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Sage has been mistaken for marijuana; motor oil for heroin; jolly ranchers for meth; and breath mints for crack. In February, a Minnesota man spent months in jail after his vitamin powder tested positive for amphetamines. Soon after the arrest in Tampa, a Hillsborough police lieutenant conducted his own experiment on the NARK II tests, which cost between $15 and $20 for a box of ten. He found that just opening the test bag to the air produced the same shade of purple as exposure to methamphetamine, according to an internal memo. In February, the Hillsborough sheriff’s department announced it had switched to a different field test, made by the same company, which tests for a wider variety of illegal drugs. A spokeswoman for the sheriff’s department declined interview requests.
63% of Millennial age Republicans support legal weed, according to the latest PewResearch poll. 58% favor same-sex marriage, too. Most of the older members of their party are in disagreement. Read the rest
The lizard people who control the U.S. Senate confirmed President Obama’s nomination of Michael Botticelli to be the director of the White House Office of National Drug Control Policy (aka drug czar). Unlike the zero-tolerance drug warriors who preceded him, Botticelli has a background in public health, and is a proponent of medication-assisted treatment.
In the three years that he has played a leadership role in the drug czar’s office, Botticelli has demonstrated his commitment to advancing more science-based and compassionate drug policies. In public remarks, Botticelli has emphasized the need to expand treatment to people who need it, reduce stigma associated with drug use, and reduce collateral consequences following a conviction.
Advocates have praised Botticelli for supporting improved access to naloxone – a drug that rapidly reverses opiate overdoses - and promoting “Good Samaritan” laws that provide protection from drug possession charges when an overdose witness seeks medical attention.
Advocates also have praised Botticelli for leading an effort by the Obama administration to promote medication-assisted treatment. Last week, Botticelli announced a new policy barring federal funding for drug courts that do not allow participation in medication-assisted treatment programs.
New Drug Czar is Better Than Predecessors Read the rest
Johann Hari, author of Chasing the Scream: The First and Last Days of the War on Drugs, learns about drunk elephants, the stoned water buffalo, and the grieving mongoose.
Screechy plastic replicant lady Nancy Grace gets a lesson from 2 Chainz about the dangers of weed prohibition. Read the rest
In December, Obama signed a bill containing a provision that prevents the federal government from interfering with states' medical marijuana activities. Yet, two weeks later, Obama’s Department of Justice filed "a strenuous defense of the drug’s Schedule I classification — the same category reserved for heroin."
This isn’t an abstract issue relevant only to constitutional obsessives. It’s a basic principle of ordered liberty that arises from even deeper foundations than our founding document. When the laws are in such discord and conflict as our drug laws are now, the enforcement of the law becomes of necessity an exercise in executive whim—compounding the capriciousness of arbitrary, selective application that Obama has made so conspicuous in his approach to governance.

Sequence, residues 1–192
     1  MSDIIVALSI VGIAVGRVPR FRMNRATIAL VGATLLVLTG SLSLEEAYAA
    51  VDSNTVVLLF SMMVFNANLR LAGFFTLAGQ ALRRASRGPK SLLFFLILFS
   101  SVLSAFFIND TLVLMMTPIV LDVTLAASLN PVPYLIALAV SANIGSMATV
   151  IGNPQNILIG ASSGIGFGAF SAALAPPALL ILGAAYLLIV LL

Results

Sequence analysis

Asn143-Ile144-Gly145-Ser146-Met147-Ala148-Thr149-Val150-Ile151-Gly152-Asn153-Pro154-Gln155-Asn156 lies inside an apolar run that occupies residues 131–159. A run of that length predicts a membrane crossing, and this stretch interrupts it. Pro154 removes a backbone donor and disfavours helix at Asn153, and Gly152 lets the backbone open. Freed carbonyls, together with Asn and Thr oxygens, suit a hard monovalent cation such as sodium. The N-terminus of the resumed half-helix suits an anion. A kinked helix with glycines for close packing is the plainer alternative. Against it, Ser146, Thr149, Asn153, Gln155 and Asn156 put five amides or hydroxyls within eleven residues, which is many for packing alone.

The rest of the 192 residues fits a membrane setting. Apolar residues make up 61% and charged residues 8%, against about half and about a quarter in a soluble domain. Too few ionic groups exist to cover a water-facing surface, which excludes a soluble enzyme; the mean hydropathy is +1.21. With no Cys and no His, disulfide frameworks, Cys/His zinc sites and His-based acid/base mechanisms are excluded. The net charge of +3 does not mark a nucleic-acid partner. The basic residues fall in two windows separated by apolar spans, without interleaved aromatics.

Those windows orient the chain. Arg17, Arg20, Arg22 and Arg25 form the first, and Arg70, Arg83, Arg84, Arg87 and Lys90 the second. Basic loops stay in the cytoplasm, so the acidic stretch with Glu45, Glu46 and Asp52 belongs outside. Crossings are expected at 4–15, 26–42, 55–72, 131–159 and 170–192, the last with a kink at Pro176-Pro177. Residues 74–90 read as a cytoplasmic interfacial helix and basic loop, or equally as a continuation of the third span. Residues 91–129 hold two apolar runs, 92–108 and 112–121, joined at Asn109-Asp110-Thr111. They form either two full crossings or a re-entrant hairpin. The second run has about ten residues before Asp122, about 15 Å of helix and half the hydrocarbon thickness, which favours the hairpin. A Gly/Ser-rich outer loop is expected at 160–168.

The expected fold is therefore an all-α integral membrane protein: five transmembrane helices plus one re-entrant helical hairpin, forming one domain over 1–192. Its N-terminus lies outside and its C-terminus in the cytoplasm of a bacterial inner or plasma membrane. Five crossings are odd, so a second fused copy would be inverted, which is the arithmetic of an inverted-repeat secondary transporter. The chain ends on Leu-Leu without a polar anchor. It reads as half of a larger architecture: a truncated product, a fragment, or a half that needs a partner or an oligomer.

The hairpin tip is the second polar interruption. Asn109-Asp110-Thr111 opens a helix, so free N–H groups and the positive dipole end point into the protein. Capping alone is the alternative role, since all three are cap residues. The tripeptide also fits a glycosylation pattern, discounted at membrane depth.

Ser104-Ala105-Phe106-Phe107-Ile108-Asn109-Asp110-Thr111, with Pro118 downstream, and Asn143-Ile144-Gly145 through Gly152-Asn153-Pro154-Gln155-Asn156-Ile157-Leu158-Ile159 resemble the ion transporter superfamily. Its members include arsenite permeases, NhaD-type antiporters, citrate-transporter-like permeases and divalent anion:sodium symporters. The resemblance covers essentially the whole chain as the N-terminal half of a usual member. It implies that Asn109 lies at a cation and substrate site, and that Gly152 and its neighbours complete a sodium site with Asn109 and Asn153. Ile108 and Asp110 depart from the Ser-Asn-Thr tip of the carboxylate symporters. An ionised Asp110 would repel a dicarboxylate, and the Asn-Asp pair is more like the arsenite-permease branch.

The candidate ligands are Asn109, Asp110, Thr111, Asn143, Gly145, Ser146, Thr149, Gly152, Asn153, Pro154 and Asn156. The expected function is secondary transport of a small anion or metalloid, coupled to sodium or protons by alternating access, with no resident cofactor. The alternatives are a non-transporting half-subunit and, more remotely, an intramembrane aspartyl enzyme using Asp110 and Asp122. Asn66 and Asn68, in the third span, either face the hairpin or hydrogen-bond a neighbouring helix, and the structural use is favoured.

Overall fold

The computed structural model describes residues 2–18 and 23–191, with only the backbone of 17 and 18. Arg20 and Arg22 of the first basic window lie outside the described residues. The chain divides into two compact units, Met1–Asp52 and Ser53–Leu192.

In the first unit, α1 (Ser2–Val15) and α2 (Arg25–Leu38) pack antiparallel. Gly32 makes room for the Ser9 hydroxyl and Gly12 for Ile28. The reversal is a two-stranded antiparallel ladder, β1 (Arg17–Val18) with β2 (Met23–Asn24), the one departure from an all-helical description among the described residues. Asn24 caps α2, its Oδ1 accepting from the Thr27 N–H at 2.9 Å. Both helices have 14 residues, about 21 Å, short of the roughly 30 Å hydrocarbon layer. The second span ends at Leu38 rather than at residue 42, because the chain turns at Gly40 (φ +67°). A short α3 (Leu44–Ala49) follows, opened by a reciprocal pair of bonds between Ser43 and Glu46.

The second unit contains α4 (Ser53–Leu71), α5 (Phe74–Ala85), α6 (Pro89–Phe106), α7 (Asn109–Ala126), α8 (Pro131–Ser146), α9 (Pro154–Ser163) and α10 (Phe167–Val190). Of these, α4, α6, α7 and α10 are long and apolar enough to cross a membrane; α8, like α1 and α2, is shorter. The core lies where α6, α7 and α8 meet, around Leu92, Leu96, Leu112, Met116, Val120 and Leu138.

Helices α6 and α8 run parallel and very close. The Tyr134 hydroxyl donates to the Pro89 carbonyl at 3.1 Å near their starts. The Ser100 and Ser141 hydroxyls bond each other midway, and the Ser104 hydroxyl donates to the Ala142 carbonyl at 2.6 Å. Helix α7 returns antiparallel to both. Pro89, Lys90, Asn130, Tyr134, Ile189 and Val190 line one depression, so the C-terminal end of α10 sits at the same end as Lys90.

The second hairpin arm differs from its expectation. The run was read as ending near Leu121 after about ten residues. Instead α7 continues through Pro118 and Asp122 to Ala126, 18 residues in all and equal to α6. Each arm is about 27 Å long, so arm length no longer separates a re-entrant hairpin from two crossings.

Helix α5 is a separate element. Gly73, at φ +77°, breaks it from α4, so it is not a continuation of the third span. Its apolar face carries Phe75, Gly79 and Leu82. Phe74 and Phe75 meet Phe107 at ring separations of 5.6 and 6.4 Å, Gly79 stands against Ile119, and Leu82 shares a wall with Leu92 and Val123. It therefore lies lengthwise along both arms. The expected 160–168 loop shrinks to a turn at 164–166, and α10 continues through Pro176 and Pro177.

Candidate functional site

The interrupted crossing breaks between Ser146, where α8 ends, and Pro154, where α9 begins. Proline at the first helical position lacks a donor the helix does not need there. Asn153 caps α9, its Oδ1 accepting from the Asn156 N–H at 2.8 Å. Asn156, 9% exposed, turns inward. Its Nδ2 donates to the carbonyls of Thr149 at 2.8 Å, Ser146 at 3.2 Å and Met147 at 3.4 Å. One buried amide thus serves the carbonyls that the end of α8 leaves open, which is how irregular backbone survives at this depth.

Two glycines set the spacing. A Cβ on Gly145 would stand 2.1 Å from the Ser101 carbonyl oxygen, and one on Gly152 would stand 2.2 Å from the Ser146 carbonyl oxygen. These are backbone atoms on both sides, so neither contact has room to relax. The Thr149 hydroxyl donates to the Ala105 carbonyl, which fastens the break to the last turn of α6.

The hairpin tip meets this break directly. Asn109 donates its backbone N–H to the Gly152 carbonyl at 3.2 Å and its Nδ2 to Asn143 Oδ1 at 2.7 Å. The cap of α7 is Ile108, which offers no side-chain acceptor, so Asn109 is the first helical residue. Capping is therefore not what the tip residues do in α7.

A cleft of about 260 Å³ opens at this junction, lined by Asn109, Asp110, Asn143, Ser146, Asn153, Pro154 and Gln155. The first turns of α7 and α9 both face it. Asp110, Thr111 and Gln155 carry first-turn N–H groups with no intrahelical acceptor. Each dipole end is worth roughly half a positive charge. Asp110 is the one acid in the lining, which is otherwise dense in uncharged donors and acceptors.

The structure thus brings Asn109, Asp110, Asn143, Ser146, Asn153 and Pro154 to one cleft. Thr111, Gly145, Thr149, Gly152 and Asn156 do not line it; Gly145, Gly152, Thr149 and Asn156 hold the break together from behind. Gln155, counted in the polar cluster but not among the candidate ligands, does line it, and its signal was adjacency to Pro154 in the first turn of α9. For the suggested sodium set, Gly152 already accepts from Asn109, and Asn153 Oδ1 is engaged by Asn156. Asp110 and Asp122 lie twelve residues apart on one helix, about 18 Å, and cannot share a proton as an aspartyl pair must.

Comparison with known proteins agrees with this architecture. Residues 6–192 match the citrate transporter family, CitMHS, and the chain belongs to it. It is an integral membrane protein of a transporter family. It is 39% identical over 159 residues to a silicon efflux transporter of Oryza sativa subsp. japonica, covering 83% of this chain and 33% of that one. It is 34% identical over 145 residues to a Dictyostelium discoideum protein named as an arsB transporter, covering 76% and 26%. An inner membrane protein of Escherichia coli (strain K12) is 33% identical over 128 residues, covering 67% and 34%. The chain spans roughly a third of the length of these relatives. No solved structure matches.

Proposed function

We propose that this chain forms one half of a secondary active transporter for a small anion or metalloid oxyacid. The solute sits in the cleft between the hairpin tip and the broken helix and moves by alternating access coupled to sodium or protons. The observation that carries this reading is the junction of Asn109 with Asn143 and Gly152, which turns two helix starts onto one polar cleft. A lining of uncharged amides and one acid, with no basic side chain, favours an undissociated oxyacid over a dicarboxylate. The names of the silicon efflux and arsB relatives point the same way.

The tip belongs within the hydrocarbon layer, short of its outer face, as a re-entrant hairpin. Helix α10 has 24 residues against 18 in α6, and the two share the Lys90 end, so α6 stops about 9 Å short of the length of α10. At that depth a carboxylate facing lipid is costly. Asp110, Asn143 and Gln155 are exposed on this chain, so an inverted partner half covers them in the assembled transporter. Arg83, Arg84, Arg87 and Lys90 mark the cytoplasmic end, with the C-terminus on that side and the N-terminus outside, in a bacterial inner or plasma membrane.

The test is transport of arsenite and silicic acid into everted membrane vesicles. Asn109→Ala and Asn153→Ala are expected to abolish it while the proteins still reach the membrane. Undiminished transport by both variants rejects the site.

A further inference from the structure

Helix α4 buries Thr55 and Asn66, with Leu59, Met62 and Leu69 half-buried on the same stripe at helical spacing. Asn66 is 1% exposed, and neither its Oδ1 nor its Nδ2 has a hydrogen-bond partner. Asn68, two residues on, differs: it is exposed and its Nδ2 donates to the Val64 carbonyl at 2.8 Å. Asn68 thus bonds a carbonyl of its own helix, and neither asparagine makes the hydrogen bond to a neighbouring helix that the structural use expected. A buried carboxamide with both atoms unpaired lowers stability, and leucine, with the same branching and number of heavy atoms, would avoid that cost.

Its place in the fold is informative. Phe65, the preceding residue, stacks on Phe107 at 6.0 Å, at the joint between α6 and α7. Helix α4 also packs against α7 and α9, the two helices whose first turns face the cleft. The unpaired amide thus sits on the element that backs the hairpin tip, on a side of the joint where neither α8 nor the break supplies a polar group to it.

At a time when the legitimacy and uniformity of government coercion has come into deep question among urban blacks in addition to suburban whites, the president needs to realize that in dithering on marijuana law he is playing with fire. His haphazard and contradictory mismanagement of America’s shift toward pot reform lends dangerous credence to the growing sense that our government no longer cares to guarantee our equal protection under the law.
Daily Beast: Obama’s Pot Policy Is Refer Madness Read the rest
The federal spending measure passed this weekend, and one of the provisions in it "effectively ends the federal government's prohibition on medical marijuana and signals a major shift in drug policy," reports the LA Times. The provision forbids federal drug agents from raiding retail operations.
I asked Ethan Nadelmann, executive director of the Drug Policy Alliance, if this was as big of a deal as it seems to be. He said, “It’s an historic vote in the annals of marijuana law reform. The disconnect between Congress and the vast majority of Americans regarding federal interference with state medical marijuana laws at last is over.”
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Carrying on the sleazy tradition of professional liar Harry J. Anslinger (first commissioner of the U.S. Treasury Department's Federal Bureau of Narcotics), weed prohibitionists are stretching the truth and outright fibbing in a desperate attempt to reverse the nationwide trend towards legalization. Read the rest
Science News: "Death rates from overdoses on prescription painkillers or heroin and other illicit drugs appear to be an average of 24.8 percent lower in states with medical marijuana laws than in states without the laws." Read the rest